By Dominic Casciani
Home affairs, BBC News
British al-Qaeda plotter Dhiren Barot - someone with extraordinarily detailed plans to kill - was jailed for life this week.
Eliza Manningham-Buller: Frank assessment
The plots were as ambitious as they were shocking.
But in the wake of that terrorism conviction, and a highly-nuanced speech from the head of MI5, it's worth noting that the feeling of shock does not just affect the majority in society.
Right at the heart of this storm are fearful Muslim communities in which individuals are trying to comprehend the threat.
And so while MI5, the police and others press ahead with counter-terrorism work, the real battle is how to undermine the ideology used by extremists to tempt youngsters to their cause.
Dame Eliza Manningham-Buller's speech warned of the scale of this task - 30 suspected plots, 1,600 individuals.
"More and more people are moving from passive sympathy towards active terrorism through being radicalised or indoctrinated by friends, families, in organised training events here and overseas, by images on television, through chat rooms and websites on the internet.
"My service needs to understand the motivations behind terrorism to succeed in countering it, as far as that is possible. Al-Qaeda has developed an ideology which claims that Islam is under attack, and needs to be defended."
The MI5 chief's analysis indicates the huge problems that the government, security services, Muslim communities and wider society face in getting a grip on the mechanisms of radicalisation.
Crucially, there are grave concerns in some parts of government and among communities themselves that there is neither a consensus nor a clear strategy in how to reach out to those within networks or to stop others signing up.
The most pessimistic analysis is that the security services don't really know what they are looking for - while the communities themselves are too divided to know how to spot it when it's happening.
British Muslim communities and organisations are essentially split over radicalisation.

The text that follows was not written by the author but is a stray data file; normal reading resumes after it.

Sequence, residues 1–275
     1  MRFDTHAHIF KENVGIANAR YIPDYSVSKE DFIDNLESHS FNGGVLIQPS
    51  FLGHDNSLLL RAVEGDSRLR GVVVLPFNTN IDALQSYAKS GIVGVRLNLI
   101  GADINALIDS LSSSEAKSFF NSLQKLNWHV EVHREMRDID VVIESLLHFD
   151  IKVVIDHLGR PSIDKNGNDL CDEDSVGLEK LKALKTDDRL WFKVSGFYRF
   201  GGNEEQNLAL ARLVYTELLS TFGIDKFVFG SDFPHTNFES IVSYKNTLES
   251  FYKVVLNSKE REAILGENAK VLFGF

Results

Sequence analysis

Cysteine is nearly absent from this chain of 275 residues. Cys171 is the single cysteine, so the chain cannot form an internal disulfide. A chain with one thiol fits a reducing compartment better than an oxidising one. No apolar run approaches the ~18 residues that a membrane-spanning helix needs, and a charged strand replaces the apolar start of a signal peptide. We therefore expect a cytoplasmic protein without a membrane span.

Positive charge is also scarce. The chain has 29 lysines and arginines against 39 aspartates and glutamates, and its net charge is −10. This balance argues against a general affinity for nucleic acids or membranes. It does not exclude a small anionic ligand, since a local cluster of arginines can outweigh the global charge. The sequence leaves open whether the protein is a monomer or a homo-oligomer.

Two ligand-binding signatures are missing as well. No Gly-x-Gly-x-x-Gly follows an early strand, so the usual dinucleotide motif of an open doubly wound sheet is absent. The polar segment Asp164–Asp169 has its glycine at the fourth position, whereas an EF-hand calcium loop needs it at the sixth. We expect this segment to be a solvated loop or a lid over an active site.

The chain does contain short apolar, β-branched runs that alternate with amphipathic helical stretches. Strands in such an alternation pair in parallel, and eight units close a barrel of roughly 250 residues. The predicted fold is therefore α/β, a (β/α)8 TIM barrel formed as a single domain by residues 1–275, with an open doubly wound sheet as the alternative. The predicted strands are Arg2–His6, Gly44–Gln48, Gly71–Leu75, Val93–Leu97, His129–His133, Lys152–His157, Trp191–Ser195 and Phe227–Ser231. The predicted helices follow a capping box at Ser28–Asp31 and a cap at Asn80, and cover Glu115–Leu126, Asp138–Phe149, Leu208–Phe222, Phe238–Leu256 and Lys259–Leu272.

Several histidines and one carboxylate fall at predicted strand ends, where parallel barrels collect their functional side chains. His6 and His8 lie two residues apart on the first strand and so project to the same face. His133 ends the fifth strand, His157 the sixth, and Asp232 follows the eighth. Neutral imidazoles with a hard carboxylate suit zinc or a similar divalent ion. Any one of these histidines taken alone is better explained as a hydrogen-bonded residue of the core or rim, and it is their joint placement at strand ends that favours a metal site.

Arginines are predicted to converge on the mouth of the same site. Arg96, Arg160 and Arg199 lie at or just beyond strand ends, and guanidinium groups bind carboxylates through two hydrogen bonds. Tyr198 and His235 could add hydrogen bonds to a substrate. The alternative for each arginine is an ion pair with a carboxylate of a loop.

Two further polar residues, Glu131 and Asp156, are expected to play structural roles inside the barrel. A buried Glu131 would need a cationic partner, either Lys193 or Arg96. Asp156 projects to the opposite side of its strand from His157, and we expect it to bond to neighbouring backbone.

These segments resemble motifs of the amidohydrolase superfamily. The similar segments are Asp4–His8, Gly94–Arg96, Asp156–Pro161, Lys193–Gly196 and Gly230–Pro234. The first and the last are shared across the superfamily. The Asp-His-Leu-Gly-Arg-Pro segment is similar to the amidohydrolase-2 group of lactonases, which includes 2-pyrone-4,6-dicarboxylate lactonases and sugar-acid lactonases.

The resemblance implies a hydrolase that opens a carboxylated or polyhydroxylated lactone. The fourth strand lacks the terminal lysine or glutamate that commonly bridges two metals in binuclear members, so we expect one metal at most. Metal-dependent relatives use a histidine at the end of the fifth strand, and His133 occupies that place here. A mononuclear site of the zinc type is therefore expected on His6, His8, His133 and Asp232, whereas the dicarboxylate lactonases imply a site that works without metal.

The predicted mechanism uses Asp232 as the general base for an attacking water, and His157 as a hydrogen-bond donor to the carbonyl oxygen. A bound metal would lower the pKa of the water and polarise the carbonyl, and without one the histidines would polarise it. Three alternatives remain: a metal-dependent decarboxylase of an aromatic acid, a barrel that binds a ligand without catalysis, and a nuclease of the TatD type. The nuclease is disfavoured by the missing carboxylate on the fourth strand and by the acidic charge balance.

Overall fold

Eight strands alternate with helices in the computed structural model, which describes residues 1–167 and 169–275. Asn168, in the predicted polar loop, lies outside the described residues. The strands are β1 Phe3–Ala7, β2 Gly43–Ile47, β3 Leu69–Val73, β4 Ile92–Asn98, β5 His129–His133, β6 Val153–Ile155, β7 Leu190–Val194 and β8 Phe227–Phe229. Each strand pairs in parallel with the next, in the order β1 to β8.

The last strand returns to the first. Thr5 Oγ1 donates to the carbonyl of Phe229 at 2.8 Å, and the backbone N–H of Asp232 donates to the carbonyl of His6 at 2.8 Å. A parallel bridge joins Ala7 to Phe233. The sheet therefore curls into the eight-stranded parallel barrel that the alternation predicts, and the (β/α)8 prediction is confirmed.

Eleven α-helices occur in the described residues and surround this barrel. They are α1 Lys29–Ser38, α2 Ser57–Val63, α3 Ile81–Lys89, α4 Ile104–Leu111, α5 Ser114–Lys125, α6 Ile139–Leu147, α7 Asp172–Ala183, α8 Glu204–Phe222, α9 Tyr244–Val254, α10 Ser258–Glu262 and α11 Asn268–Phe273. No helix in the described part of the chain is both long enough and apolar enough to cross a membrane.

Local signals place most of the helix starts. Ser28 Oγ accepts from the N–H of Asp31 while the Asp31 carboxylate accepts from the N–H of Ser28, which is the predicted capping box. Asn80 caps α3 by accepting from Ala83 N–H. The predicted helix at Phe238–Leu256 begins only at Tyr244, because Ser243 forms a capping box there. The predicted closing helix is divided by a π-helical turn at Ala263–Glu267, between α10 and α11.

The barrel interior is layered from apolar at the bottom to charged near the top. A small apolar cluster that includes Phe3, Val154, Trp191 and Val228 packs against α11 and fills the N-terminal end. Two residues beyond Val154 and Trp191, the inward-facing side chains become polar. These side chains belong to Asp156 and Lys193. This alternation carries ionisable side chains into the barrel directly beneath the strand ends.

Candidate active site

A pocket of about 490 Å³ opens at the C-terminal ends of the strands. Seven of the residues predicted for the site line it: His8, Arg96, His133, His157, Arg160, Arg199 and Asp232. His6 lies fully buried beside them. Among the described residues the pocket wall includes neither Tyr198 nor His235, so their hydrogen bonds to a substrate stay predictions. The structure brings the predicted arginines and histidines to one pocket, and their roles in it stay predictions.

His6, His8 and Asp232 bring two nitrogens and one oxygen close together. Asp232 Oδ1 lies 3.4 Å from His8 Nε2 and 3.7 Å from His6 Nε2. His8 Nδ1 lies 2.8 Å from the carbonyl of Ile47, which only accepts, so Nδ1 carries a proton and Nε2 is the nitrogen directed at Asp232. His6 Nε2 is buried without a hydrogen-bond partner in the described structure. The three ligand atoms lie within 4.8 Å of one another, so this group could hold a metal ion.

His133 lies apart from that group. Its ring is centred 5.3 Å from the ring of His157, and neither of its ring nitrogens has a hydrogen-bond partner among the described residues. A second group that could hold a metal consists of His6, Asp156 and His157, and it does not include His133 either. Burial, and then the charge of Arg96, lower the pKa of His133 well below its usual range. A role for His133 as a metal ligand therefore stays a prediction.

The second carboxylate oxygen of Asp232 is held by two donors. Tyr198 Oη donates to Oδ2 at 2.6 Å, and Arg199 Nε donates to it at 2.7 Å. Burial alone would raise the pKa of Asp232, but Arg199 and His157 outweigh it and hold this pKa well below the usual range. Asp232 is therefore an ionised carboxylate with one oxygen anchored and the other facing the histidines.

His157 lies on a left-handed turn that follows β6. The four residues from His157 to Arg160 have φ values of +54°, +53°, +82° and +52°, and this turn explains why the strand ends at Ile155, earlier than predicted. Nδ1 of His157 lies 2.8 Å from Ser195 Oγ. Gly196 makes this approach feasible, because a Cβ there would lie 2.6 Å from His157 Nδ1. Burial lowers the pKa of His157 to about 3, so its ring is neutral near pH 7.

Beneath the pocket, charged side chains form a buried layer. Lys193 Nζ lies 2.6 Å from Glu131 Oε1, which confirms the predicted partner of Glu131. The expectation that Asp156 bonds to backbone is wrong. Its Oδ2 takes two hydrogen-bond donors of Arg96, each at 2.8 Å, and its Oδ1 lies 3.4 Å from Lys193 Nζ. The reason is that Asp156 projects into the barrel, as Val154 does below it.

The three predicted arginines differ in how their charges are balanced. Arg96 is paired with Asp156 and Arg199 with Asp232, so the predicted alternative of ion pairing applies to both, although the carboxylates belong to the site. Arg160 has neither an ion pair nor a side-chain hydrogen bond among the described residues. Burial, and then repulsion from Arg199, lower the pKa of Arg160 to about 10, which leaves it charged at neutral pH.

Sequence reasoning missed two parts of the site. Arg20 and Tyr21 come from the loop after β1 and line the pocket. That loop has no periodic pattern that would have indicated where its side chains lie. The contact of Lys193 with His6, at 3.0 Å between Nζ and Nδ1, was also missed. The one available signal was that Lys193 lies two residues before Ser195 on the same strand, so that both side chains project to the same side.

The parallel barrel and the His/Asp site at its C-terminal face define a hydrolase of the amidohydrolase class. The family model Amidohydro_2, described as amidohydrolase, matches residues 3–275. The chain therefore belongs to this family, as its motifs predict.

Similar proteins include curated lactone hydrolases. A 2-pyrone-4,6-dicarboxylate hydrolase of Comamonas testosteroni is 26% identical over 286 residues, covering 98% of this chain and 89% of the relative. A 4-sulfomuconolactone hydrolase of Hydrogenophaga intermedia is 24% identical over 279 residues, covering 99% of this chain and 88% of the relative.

There is a small minority of extremists - some are genuine security threats, others may be little more than temporary fellow-travellers. The security services fear the balance may be tipping towards the former.
Then there are many, particularly among the older mosque leadership, who are in denial.
Even after the compelling video "wills" of Shehzad Tanweer and Mohammed Siddique Khan, two of the four London suicide bombers, it is not hard to find people in positions of community authority who deny that terrorists are targeting young people in their midst.
Finally, there are the growing number of British-born, middle class Muslims who are actively trying to reclaim the debate on their faith, amid fears for a lost and confused generation.
Al-Faisal: Key radical preachers jailed - but damage already done?
Many of this group fear Britain may be acting 15 years too late. Self-appointed preachers such as Abu Hamza and Abdullah al-Faisal, both in jail, may have already done their work.
Amid all this is a majority of ordinary Muslim folk sick of what is going on, confused about how to react politically and yearning for a more banal life.
Amid these internal tensions, policy-makers and the security services are also trying to influence debate and reduce the threat of extremism but it is proving extremely difficult.
Many young Muslim leaders believe that the extremist threat is a generational challenge which requires a step-change in engaging with the young - and that the state - and the older leadership in their own communities - have failed to get a meaningful grip.
While that may be a gloomy assessment, it does at the very least suggest that these leaders and the likes of MI5 are talking similar language, mapping out the same challenge.
In her speech, Dame Manningham-Buller made it clear that none of these problems can be tackled by MI5 alone.
Many Muslim leaders feel under pressure to deliver - but they're not sure what government wants - or whether they themselves can deliver anything at all
"Others have to address the causes, counter the radicalisation, assist in the rehabilitation of those affected, and work to protect our way of life," she said.
Community leaders are indeed grasping for solutions. Barely a week goes by without yet another round of Whitehall meetings. Some deradicalisation projects are being piloted.
But there is also frustration with government. Many Muslim leaders feel under pressure to deliver - but they're not sure what government wants - or whether they themselves can deliver anything at all.
There is simmering anger that the 64 recommendations in the Muslim-led Preventing Extremism Taskforce, set up after the London bombings, have got bogged down in the government machine. Only one of the proposals, a roadshow of scholars, has had any impact to date.
Ministers reject this charge, saying that many of the recommendations are being acted upon. Communities secretary Ruth Kelly has also launched the Commission on Integration and Cohesion.
That commission will not report until next year. For many at the sharp end of trying to challenge Islamist radicalism, time feels like it is slipping by.